Newport Beach philanthropists Henry and Susan Samueli have generously assisted numerous local charities, and have had everything from a theater at Segerstrom Center to medical centers and schools name after them.
Now, they can add Academy to that list.
Orangewood Foundation, the parent non-profit of The Academy, recently completed a capital campaign to build the first phase of their high school campus. The campaign raised $25 million.
According to press material, the public charter school was developed to “provide a transformational learning environment for foster, underserved and community students that offers consistency, stability, support, and a community in which to belong, thrive, and grow into successful, independent adults.”
The first-phase campaign reportedly included purchasing the land on which the school sits, building infrastructure, opening a temporary campus in 2013, constructing a 30,000 sq. ft. academic building, and opening a community center for school activities.
A future capital campaign will provide funding for residential housing, additional classrooms, a student union and school theater.
In total, 189 gifts were received, with lead gifts coming from Samueli Foundation, A. Gary Anderson Family Foundation, Stars and Stripes Children’s Foundation, Argyros Family Foundation, Kay Family Foundation, and The Dhont Family Foundation.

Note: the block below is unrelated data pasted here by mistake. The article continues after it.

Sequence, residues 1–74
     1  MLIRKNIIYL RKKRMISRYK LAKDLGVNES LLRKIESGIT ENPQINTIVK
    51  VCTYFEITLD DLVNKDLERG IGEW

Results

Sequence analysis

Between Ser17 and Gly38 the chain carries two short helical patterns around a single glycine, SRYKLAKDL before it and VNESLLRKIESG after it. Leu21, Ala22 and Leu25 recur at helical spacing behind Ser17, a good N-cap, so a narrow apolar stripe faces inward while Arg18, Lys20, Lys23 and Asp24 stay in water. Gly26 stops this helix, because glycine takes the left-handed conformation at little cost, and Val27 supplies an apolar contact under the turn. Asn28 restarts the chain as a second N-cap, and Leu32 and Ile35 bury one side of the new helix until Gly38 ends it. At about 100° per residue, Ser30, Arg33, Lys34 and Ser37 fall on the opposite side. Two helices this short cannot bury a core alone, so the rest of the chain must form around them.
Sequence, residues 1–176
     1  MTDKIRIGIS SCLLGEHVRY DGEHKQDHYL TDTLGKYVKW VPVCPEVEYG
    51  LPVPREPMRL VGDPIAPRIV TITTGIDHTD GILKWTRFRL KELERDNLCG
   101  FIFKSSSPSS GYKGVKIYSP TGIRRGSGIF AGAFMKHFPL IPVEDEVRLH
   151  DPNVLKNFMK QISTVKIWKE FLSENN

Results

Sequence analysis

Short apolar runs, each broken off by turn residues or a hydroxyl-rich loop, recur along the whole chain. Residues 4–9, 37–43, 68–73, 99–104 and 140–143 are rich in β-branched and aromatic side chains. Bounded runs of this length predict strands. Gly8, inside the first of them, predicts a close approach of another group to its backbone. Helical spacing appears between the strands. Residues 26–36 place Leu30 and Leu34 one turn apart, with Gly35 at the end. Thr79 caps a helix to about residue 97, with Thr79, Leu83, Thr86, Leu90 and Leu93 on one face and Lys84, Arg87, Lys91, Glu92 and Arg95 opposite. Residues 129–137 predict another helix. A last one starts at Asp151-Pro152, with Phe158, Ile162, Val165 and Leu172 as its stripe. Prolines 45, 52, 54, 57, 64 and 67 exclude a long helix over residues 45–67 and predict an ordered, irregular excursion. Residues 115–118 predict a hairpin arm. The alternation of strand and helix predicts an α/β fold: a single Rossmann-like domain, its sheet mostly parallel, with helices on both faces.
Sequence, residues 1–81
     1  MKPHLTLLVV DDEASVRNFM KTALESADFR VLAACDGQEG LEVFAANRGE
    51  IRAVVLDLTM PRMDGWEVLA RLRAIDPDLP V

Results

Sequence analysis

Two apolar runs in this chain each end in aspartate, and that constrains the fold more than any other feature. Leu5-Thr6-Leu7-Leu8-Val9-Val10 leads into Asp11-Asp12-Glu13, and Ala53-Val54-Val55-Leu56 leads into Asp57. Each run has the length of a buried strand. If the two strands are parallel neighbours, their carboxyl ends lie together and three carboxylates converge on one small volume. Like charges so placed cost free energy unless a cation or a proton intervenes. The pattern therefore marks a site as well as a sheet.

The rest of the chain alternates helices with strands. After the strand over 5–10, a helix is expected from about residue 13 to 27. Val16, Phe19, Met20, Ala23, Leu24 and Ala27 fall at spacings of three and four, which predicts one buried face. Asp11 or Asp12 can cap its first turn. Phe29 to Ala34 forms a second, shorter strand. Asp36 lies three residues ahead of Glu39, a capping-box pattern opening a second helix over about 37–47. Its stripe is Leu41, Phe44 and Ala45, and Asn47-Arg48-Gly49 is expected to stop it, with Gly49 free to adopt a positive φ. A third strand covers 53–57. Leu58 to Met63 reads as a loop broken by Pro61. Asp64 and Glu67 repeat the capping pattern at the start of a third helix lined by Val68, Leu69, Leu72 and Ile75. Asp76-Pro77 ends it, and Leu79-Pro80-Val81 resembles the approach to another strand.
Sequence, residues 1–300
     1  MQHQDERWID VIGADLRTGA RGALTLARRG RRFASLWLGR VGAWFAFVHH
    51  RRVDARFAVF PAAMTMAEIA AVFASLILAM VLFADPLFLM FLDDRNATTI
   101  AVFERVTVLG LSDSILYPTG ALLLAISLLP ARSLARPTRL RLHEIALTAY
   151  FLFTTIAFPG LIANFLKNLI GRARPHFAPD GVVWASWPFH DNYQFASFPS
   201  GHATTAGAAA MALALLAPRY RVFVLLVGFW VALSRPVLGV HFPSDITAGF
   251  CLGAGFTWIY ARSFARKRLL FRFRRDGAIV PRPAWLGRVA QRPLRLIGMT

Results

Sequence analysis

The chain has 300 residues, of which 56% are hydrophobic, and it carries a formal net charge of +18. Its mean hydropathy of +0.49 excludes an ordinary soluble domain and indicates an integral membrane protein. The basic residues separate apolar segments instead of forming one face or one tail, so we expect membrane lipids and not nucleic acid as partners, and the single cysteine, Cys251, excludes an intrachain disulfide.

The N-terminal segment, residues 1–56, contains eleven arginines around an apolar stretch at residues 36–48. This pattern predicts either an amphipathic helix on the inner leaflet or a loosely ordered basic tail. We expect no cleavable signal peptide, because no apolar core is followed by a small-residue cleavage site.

The school has been known as The Academy, but it recently changed its name.
“For the last 13 years, Henry and Susan Samueli have made significant financial contributions to The Academy,” stated Board Chair Bruce Fetter. “In addition, they secured the loan for the land purchase and construction of the Academic Building. They have been an active part of the fundraising team and have an unending passion for helping our kids. For these reasons, it is only fitting that the school be known as Samueli Academy.”
This capital campaign is the first conducted by Orangewood Foundation in 34 years since General William Lyon and Supervisor Bill Steiner successfully completed the campaign for the Orangewood Children and Family Center in 1982.
For more information, visit samueliacademy.org.